You want to build your own beard oil – shaving oil – facial oil or whatever?
But you don’t know what’s needed for a beard oil formula? Nothing is more beautiful than to say goodbye to the mass products of the cosmetics industry. Put together your own care product from ingredients that you need for your own needs. Ingredients that your skin and beard hair tolerate well. Best of all, rounded off with an individual scent.
Nothing easier than that… with a little know-how.
Which oils have which effect, we have already shown in the past in our blog and on the website. In the future, we will take a closer look at more oils. But here it is about something else. It is about the right combination of the different oils. Which ones fit together and which ones don’t? Which oils should I definitely not miss out on and which are “just” nice to have? Can you just mix everything together that you like or are there rules of the game? In short: What’s needed for a beard oil formula?
Yes, there are some rules!
There are a few oils that you can use pure and straight without any worries, such as jojoba oil. Others, such as rosehip oil, should be used sparingly because they are not only very expensive. In high concentrations they can damage the skin rather than care for and protect it. And nobody wants that.
So how do we go when mixing a good recipe for beard oil, for example?
First, we divide the different oils into groups. The classification is based on the specific fatty acid patterns. The fatty acid pattern basically determines the properties of an oil: protective, conditioning, regenerating, and so on and so forth. Of course, it makes the most sense to combine a wide range of these properties. This way you get a good all-round solution for your own oil.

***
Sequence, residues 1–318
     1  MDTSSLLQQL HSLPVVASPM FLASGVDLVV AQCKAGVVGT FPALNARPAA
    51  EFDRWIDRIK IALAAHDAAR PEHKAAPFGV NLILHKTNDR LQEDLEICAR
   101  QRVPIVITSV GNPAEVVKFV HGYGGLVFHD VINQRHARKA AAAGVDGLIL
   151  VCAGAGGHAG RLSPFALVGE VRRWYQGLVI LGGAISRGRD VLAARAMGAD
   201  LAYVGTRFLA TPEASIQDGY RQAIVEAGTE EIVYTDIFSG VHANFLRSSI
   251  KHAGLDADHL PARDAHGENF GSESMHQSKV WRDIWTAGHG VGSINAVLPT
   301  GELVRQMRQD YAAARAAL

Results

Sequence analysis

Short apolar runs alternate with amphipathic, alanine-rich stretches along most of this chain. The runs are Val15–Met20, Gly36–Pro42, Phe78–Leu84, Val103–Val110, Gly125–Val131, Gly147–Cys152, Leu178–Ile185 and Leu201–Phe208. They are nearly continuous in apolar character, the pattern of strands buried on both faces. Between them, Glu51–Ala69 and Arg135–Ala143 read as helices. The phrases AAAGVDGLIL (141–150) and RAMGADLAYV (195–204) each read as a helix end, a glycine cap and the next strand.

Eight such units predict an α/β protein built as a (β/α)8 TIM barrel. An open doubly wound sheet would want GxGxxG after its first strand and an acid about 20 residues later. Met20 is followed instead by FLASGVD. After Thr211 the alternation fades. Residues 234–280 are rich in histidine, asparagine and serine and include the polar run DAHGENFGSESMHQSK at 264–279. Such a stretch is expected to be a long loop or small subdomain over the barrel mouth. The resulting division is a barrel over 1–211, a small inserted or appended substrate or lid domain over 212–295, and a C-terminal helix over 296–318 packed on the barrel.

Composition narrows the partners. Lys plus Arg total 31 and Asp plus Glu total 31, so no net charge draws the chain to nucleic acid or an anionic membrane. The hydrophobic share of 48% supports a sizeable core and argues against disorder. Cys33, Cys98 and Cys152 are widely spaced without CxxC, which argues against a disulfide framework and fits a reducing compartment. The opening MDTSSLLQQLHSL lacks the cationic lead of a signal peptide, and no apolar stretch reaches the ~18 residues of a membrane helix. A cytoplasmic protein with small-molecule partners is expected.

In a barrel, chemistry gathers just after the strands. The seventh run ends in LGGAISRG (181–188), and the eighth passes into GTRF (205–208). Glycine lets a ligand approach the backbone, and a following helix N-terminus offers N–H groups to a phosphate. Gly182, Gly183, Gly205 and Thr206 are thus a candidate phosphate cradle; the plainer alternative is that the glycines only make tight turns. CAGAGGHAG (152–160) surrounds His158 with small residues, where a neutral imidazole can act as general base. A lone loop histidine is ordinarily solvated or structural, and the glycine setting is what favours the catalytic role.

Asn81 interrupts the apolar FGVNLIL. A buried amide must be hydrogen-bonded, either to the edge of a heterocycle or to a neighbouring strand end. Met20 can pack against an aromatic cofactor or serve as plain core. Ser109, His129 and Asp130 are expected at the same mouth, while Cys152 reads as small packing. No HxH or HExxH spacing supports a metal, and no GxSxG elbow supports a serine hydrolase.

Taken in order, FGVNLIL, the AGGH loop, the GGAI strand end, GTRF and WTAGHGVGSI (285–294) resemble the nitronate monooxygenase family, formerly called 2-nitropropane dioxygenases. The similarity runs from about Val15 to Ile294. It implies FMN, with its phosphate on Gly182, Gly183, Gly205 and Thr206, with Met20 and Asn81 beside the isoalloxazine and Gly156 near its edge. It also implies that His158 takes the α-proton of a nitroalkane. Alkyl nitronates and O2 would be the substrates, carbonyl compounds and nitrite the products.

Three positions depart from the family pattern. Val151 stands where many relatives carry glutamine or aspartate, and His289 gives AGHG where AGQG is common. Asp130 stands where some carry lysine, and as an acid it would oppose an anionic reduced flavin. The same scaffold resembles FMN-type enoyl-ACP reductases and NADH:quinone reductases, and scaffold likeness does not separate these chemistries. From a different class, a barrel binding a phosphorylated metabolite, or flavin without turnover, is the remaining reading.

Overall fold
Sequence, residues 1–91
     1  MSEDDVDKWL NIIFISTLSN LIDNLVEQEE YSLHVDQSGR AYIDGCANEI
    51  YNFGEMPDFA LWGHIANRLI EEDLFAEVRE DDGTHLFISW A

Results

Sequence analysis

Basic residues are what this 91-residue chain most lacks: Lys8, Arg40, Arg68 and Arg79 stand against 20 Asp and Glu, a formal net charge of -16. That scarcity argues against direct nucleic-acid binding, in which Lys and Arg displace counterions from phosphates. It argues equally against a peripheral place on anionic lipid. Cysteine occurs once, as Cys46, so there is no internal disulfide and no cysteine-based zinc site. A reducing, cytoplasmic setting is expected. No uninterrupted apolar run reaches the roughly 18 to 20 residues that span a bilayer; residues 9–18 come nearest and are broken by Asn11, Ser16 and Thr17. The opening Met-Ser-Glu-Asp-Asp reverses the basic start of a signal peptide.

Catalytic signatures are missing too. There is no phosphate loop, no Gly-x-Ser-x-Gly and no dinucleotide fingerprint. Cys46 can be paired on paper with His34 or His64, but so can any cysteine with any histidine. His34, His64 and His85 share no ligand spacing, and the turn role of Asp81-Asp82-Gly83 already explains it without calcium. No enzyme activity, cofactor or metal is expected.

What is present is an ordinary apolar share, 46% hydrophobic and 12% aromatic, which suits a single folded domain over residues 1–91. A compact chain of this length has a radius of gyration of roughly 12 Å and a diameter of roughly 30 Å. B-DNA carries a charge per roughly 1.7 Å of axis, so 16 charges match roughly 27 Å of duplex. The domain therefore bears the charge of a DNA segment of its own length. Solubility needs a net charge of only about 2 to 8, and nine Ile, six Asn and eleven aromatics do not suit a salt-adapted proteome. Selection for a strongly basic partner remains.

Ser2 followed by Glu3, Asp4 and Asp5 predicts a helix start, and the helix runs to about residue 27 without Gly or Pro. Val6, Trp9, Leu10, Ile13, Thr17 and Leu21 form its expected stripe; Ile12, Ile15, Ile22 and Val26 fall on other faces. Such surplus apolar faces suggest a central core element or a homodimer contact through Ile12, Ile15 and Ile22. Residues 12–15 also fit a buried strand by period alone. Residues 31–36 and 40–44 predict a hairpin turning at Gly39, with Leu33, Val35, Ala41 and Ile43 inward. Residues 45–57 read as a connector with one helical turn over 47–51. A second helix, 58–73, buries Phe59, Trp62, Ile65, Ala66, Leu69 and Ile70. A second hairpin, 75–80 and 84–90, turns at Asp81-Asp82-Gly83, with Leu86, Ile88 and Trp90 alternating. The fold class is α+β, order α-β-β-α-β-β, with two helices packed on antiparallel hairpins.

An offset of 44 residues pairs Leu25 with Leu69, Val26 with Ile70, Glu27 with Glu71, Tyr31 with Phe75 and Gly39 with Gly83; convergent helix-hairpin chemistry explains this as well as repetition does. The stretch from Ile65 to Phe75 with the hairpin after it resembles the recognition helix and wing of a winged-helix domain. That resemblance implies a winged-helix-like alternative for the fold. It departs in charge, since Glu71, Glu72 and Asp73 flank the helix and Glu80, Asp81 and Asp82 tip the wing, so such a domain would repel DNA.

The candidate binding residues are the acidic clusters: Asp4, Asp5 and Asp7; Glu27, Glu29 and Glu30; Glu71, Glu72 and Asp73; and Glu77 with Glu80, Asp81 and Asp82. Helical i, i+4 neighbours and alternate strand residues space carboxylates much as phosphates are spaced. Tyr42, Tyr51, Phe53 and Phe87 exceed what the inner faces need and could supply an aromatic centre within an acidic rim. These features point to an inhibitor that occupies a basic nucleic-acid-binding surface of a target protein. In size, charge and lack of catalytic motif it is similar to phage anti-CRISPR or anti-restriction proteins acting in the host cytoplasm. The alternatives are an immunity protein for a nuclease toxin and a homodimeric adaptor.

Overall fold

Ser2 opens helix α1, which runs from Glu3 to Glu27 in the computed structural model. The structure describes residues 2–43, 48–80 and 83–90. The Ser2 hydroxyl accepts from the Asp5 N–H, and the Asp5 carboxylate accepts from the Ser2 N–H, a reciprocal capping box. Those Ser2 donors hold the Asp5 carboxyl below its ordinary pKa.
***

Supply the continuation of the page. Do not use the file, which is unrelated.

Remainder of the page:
1. stabilizing base oil
First we have to make sure that the formula is oxidatively stable. This ensures a long shelf life and good skin compatibility. The ultimate classic for this is jojoba oil. My absolute must have for any of my oil variations. Why this is so, I have explained here.
2. nourishing base oils
In the second step of creating a recipe, you take care of the nourishing base oils. At least one of them should be part of every mixture. But usually these oils make up the largest part of an oil blend. This is because they are rather oxidatively stable and have wonderful protective, nourishing, regenerating and also barrier-protecting and promoting properties.
These include classics such as argan oil, castor oil or almond oil.
- Argan oil is known for its regenerating effect; skin and hair feel revitalized, nourished and soft and supple.
- Castor oil has the special property of being very intensively absorbed into the deeper areas of the skin and at the same time builds up a healthy skin protection. It is precisely this property that makes it an optimal skin care product.
- Regular use of almond oil leads to an improved skin appearance, as it provides the skin with moisture and suppleness.
3. active ingredient oils
Active ingredient oils are characterized by high levels of polyunsaturated fatty acids, some of which are very rare. Oxidatively these oils are very unstable, but in compensation these have cosmetically intensive regenerating and activating properties. They are cell regenerating, cell activating, anti-inflammatory, barrier-restructuring and wound healing.
This implies that with these, less is more. As a rule, only 5 to 10 percent of a formula consists of these oils. Also because these oils like to be very expensive.
- Rosehip oil supports skin regeneration like no other oil and is ideal for treating dry, flaky skin, pigmentation spots and scars.
- Beneficial evening primrose oil supports the skin’s barrier function and helps it retain moisture, leaving the skin soft and supple.
- The oils of pomegranate – seed are a rich source of antioxidants. These are effective against the natural oxidation of skin tissue and fight so-called free radicals, chemicals that damage our healthy cells.
4. conception of an oil formula
How do I build a beard oil or shaving oil formula? First you choose your stabilizing base oil. Then you decide on one or more suitable caring base oils. And finally you round off your formula with one or even several active ingredient oils – active ingredient oils can be there, but do not have to!
The percentage composition follows no rigid calculations, but moves within certain limits. As a rule of thumb, you can assume the following: 30% stabilizing base oils, 60% nourishing base oils and 10% active ingredient oils.
Well then go ahead. Build your beard oil or whatever at home or – much easier – right here online. If you don’t know exactly which oils are right for your type, just go to our Beard Oil Lab and answer a few questions. Then we’ll pick out the right combination for you. It’s simple.